The US-Iran conundrum

By Sajjad Malik
0 Comment(s)Print E-mail, August 4, 2018
Adjust font size:

U.S. President Donald Trump [Photo/Xinhua]

Recent statements and developments show that the relationship between the United States and Iran are in a state of free fall. Distrust between them runs deep and the two sides are even skeptical about any positive move that may come up amidst the current chaotic calibration. 

Nobody can say with surety what Donald Trump had on his mind when he offered "unconditional talks" to his counterpart Hassan Rouhani. Analysts tore through the move as part of a script to rope in the Iranian leader for talks and increase the domestic fissures in Iran.   

But it could well be an effort by the U.S. leader to wriggle out of the situation he created in May by unilaterally moving out of the agreement that his predecessor solemnly signed in the company of five other nations plus the European Union. The fact is that Trump, after exiting the JCPOA of 2015, has no backup plan. 

The 12-point charter of demands issued by the Secretary of State after ditching the Iran deal has proved to be a non-starter. The division between the U.S. and European allies on the issue is also quite clear -- the U.K., France, Germany and the EU are standing with China and Russia on the issue of the nuclear deal. 

But the response from Iran to the offer of a meeting by Trump was a typical knee-jerk reaction. A slew of Iranian leaders came forward to reject the offer, in a manner laced with traditional rhetoric. Though, Rouhani himself was more sober and measured. 

The rejection of the offer of talks coincided with the worsening economic crisis. The currency has suffered and the dollar soared to 122,000 at one point during trading in the week. Later, it was pulled down to 115,000 but it was still too much as many Iranians witnessed their savings going down the drain. 

The point is that relations between Iran and the U.S. have gone back to the old days as the new sanctions are coming into place, while more are to follow in November. There are reports of protests in the country and the government is under pressure to give some positive news to the people to ease the economic pressure. 

Iran has survived the sanctions, covert wars and blatant threats and it says a lot about the resilience of the people and the leadership. Without going into the merits of the changes introduced in 1979, it can be said that Iran has so far valiantly guarded the revolution. 

But things are changing fast and there are signs for the first time in decades that the powerful ruling class in Tehran has no answers to the questions posed by ordinary folks. The fundamental issue is the deterioration in the socio-economic situation which will be further compounded by the new U.S. sanctions.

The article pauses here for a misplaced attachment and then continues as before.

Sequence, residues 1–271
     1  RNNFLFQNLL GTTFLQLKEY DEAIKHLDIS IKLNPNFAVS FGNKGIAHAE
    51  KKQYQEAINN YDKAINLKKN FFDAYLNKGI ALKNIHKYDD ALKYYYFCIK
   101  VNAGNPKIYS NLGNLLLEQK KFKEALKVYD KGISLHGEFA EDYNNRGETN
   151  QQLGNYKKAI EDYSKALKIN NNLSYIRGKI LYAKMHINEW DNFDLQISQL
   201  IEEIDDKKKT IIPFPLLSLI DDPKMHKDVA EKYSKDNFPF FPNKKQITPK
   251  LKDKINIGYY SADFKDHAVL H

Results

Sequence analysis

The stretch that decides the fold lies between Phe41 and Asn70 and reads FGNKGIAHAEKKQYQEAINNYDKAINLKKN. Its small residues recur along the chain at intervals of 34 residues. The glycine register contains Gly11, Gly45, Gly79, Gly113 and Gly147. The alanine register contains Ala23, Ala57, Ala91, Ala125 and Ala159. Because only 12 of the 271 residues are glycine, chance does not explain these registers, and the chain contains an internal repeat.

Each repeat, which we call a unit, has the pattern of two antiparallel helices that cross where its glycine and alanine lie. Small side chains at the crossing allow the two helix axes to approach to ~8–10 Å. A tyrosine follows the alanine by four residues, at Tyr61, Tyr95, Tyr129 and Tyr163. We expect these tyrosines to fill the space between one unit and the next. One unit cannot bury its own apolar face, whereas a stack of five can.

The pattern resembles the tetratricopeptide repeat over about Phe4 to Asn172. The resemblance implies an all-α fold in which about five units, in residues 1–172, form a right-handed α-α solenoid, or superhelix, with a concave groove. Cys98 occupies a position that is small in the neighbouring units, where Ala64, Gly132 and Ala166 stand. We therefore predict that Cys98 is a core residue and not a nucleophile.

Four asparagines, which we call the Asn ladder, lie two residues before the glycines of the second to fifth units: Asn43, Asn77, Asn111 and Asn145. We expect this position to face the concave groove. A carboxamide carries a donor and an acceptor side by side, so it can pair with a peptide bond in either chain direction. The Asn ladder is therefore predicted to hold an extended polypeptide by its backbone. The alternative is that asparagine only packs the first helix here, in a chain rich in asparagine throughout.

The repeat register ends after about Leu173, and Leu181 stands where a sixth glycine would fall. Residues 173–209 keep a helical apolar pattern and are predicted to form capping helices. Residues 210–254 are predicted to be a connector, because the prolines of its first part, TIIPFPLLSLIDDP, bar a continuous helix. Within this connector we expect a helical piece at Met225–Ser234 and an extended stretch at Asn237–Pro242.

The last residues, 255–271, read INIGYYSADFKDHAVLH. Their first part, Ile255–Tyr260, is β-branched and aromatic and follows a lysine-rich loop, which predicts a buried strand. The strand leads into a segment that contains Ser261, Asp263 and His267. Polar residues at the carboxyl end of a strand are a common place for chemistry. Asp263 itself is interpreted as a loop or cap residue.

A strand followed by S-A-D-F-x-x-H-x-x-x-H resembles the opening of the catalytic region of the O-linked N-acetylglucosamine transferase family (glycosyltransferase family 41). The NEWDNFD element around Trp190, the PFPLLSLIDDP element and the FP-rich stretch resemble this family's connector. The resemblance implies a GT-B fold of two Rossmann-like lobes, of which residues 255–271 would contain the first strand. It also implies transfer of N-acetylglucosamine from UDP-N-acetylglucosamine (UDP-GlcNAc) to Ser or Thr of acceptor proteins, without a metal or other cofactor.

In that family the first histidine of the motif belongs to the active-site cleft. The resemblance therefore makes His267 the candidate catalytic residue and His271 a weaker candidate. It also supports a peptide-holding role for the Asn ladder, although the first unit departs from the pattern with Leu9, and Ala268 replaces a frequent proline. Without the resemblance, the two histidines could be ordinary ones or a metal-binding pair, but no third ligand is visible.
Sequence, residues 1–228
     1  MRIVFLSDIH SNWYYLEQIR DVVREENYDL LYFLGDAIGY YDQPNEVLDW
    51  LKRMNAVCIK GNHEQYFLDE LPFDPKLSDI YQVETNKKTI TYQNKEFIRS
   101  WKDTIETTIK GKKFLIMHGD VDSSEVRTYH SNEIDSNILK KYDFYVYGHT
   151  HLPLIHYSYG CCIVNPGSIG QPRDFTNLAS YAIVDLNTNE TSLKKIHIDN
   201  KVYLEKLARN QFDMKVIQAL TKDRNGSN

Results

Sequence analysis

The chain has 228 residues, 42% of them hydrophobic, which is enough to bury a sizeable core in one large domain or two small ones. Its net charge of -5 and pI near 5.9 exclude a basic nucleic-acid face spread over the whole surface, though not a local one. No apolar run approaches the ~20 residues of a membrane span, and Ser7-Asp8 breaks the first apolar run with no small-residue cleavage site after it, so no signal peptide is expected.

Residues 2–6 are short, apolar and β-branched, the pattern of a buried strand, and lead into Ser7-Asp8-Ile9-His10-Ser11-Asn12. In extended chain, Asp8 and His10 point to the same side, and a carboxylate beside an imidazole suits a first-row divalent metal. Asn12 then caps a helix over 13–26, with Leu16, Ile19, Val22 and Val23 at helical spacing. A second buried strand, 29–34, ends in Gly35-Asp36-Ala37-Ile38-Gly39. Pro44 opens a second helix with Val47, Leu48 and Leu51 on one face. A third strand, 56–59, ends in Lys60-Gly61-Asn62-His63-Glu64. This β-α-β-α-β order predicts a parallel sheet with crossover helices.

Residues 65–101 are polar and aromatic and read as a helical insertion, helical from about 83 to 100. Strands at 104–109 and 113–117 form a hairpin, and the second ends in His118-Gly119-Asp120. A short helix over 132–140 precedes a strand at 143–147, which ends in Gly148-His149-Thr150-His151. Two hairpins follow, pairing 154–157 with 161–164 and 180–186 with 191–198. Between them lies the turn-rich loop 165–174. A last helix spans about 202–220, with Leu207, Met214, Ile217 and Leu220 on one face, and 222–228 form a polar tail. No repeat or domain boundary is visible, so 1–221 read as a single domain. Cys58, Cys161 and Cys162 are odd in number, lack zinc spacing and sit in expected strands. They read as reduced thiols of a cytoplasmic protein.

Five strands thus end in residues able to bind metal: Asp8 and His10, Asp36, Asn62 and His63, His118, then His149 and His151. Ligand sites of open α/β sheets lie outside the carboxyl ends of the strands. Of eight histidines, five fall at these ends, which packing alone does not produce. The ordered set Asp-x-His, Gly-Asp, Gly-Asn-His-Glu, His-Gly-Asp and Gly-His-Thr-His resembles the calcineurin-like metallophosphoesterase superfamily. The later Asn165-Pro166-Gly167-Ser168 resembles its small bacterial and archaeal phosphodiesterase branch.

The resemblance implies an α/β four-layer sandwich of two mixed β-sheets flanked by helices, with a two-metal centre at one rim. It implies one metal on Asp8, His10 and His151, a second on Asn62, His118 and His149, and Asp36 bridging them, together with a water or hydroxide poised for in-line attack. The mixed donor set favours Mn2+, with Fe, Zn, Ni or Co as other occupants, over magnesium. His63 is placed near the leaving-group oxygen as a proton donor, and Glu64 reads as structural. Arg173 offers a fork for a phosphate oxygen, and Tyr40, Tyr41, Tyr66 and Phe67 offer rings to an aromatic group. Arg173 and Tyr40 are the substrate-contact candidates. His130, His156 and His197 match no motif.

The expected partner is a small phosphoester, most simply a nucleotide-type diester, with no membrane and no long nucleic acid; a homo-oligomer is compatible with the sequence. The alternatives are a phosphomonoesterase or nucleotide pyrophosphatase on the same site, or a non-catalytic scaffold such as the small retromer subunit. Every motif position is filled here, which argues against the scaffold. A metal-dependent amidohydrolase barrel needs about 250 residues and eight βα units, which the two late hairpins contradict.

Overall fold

Politics is called the art of the possible. An important element of both domestic and global politics is "timing." Great leaders opt for possible solutions and take timely measures and actions to avoid failures and resurrect their plans. 

Iran has already stretched itself a bit too much by becoming part of regional as well as international great games. In the process, it has ignored the realities on the ground and has been forced to fight at multiple levels. In the good old days, the spirit of revolution was still young and it could help fix the problems.

But the priorities of the new high-tech generation are different. They cannot live in the memory of a revolution of which they were not even a part and which has not brought them the kind of prosperity they see in their neighborhood and the rest of the region. 

Reportedly, the U.S. is interested in regime change in Iran but could well settle with the current leadership if there was a visible change in the attitude. The bare minimum should be to stop hurling threats at close allies like Israel and Saudi Arabia. Iran can also help in Syria, Iraq, Yemen and Lebanon.   

The issue of nuclear weapons is more of a manifestation of the conflict. There is still space to settle it as it was already peacefully negotiated. Hence, there is no harm in direct talks between the top leaders of Iran and the U.S. if it can ease the tension.

In the worst-case scenario, the talks will fail. Still it is better to sit, discuss and even go away without any agreement, than not to talk at all and demonize each other.

Sajjad Malik is a columnist with For more information please visit:

Opinion articles reflect the views of their authors, not necessarily those of

Follow on Twitter and Facebook to join the conversation.
ChinaNews App Download
Print E-mail Bookmark and Share

Go to Forum >>0 Comment(s)

No comments.

Add your comments...

  • User Name Required
  • Your Comment
  • Enter the words you see:   
    Racist, abusive and off-topic comments may be removed by the moderator.
Send your storiesGet more from